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Nipper v. Berryhill

United States District Court, E.D. North Carolina, Southern Division

December 4, 2017

MARK B. NIPPER, Plaintiff,
NANCY A. BERRYHILL, Acting Commissioner of Social Security, Defendant.



         In this action, plaintiff Mark B. Nipper ("plaintiff or, in context, "claimant") challenges the final decision of defendant Acting Commissioner of Social Security Nancy A. Berryhill ("Commissioner") denying his application for supplemental security income ("SSI") on the grounds that he is not disabled. The case is before the court on the parties' motions for judgment on the pleadings. D.E. 20, 23. Both filed memoranda in support of their respective motions. D.E. 21, 24. The motions were referred to the undersigned magistrate judge for a memorandum and recommendation pursuant to 28 U.S.C. § 636(b)(1)(B). See 30 Aug. 2017 Text Ord. For the reasons set forth below, it will be recommended that plaintiffs motion be allowed, the Commissioner's motion be denied, and this case be remanded.

         I. BACKGROUND

         A. Case History

         Plaintiff filed an application for SSI on 2 May 2012, alleging a disability onset date of 23 April 2012. Transcript of Proceedings ("Tr.") 617. The application was denied initially and upon reconsideration, and a request for a hearing was timely filed. Tr. 617. On 3 March 2015, a hearing was held before an administrative law judge ("ALJ"), at which plaintiff (represented by a non- attorney representative), plaintiffs fiance, and a vocational expert testified. Tr. 22-56. The ALJ issued a decision denying plaintiffs claim on 31 March 2015. Tr. 617-29.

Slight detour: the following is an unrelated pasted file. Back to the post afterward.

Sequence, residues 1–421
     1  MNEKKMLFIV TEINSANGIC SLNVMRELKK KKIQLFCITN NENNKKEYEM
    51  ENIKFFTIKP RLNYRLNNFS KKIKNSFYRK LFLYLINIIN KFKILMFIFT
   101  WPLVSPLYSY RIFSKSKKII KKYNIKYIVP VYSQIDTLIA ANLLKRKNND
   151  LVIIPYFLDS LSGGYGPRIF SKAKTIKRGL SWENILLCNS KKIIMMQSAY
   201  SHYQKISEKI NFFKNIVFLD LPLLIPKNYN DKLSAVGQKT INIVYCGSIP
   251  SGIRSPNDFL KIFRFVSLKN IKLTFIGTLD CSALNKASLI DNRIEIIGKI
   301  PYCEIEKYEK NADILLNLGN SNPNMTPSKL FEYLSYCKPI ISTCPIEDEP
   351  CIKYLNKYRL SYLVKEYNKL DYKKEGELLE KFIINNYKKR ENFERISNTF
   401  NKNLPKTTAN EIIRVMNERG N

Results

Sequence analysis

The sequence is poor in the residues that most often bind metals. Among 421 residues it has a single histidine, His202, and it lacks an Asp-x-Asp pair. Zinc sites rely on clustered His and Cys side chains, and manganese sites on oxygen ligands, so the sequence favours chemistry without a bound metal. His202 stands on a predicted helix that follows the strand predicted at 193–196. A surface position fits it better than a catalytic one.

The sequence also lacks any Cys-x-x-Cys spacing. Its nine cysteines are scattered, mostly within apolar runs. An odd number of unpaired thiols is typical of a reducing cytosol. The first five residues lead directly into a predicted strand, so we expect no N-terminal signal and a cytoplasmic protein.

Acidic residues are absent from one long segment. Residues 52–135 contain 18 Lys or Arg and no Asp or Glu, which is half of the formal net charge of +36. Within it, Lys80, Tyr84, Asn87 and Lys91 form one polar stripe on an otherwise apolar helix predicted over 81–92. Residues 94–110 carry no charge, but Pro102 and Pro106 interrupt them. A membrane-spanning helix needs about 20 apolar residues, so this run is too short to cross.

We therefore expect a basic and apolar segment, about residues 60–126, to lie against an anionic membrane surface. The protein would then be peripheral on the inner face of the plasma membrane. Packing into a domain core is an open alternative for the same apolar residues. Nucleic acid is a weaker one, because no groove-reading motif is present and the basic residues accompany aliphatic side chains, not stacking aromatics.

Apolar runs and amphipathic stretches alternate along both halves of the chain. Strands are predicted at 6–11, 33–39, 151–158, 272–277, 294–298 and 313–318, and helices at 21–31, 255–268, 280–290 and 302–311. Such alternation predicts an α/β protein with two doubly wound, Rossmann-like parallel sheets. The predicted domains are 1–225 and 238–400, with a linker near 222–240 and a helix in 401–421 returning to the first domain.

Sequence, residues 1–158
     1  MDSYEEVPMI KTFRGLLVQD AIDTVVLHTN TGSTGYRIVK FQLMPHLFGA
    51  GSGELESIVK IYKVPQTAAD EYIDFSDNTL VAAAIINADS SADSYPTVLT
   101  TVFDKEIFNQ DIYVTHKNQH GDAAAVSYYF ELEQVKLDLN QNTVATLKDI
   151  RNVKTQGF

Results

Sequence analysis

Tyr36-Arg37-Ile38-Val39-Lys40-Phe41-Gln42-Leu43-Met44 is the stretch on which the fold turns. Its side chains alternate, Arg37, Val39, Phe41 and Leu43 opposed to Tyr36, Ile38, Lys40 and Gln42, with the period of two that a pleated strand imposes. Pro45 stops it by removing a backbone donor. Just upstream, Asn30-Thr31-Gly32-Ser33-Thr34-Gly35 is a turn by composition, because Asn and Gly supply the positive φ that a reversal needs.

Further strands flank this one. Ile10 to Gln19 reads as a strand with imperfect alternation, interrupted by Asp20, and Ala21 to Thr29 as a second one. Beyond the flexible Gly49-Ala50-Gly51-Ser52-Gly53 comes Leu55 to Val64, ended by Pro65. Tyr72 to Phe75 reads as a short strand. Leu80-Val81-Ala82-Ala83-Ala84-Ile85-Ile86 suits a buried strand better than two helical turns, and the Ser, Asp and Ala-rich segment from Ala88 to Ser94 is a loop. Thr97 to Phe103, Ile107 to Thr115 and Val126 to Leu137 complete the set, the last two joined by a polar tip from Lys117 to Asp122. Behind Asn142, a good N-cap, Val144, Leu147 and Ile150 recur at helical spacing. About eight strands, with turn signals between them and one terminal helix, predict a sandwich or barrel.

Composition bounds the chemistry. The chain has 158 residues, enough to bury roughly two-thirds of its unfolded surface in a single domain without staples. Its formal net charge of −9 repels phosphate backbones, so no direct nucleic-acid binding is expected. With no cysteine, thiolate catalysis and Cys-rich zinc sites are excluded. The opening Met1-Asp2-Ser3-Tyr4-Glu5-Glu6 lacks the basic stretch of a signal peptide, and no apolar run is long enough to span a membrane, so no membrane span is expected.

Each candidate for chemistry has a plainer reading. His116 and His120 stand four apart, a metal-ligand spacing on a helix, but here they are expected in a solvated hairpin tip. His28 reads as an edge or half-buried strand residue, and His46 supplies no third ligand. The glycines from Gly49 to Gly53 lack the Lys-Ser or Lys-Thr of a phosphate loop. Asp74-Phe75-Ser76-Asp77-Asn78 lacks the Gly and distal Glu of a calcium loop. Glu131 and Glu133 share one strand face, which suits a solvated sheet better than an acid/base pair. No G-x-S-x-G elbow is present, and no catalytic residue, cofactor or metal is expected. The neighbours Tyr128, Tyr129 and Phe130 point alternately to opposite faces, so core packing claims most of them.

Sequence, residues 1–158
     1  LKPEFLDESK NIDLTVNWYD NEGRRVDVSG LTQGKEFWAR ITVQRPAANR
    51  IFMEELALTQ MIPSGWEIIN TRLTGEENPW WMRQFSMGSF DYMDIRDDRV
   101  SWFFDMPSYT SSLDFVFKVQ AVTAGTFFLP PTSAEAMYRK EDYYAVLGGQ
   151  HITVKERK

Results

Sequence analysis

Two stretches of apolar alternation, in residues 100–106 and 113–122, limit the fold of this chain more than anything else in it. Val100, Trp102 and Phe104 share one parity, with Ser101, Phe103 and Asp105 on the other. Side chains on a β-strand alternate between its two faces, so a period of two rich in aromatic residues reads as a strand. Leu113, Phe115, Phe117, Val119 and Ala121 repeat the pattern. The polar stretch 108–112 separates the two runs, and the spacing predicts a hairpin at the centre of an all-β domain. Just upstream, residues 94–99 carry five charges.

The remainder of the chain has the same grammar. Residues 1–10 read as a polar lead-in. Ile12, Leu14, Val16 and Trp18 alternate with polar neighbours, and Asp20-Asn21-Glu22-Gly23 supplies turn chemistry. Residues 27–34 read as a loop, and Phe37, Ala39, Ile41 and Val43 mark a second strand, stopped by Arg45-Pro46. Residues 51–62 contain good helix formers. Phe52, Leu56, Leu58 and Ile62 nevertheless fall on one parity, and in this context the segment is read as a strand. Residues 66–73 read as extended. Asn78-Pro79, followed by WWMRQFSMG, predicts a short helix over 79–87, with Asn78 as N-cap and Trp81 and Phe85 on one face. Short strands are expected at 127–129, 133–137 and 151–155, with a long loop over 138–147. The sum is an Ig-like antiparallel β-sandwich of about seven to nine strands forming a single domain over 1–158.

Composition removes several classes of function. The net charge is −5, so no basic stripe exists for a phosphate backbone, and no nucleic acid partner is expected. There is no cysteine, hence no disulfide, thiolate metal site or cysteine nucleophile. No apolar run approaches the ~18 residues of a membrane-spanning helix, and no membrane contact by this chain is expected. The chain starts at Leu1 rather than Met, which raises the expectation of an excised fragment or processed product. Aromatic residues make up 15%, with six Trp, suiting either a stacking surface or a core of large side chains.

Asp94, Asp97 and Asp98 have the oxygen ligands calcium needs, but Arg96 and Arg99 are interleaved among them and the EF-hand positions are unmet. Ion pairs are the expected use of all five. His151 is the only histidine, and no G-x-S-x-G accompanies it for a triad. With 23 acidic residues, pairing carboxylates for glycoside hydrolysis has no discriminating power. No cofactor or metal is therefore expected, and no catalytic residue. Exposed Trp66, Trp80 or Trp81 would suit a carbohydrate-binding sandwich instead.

Plaintiff timely requested review by the Appeals Council. Tr. 21. On 28 July 2016, the Appeals Council denied the request for review.[1] Tr. 5. At that time, the decision of the ALJ became the final decision of the Commissioner. 20 C.F.R. § 416.1481. On 23 September 2016, plaintiff commenced this proceeding for judicial review of the ALJ's decision, pursuant to 42 U.S.C. § 1383(c)(3). See In Forma Pauperis ("IFP") Mot. (D.E. 1); Order Allowing IFP Mot. (D.E. 4); Compl. (D.E. 5).

         B. Standards for Disability

         1.Five-Step Analysis

         The Social Security Act ("Act") defines disability as the inability "to engage in any substantial gainful activity by reason of any medically determinable physical or mental impairment which can be expected to result in death or which has lasted or can be expected to last for a continuous period of not less than 12 months." 42 U.S.C. § l382c(a)(3)(A); Pass v. Chater, 65 F.3d 1200, 1203 (4th Cir. 1995). "[A]n individual shall be determined to be under a disability only if his physical or mental impairment or impairments are of such severity that he is not only unable to do his previous work but cannot, considering his age, education, and work experience, engage in any other kind of substantial gainful work which exists in the national economy ...." 42 U.S.C. § l382c(a)(3)(B). The Act defines a physical or mental impairment as "an impairment that results from anatomical, physiological, or psychological abnormalities which are demonstrable by medically acceptable clinical and laboratory diagnostic techniques." Id. § l382c(a)(3)(D).

         The disability regulations under the Act ("Regulations")[2] provide a five-step analysis that the ALJ must follow when determining whether a claimant is disabled:

To summarize, the ALJ asks at step one whether the claimant has been working; at step two, whether the claimant's medical impairments meet the [Regulations' severity and duration requirements; at step three, whether the medical impairments meet or equal an impairment listed in the [Regulations; at step four, whether the claimant can perform [his] past work given the limitations caused by [his] medical impairments; and at step five, whether the claimant can perform other work.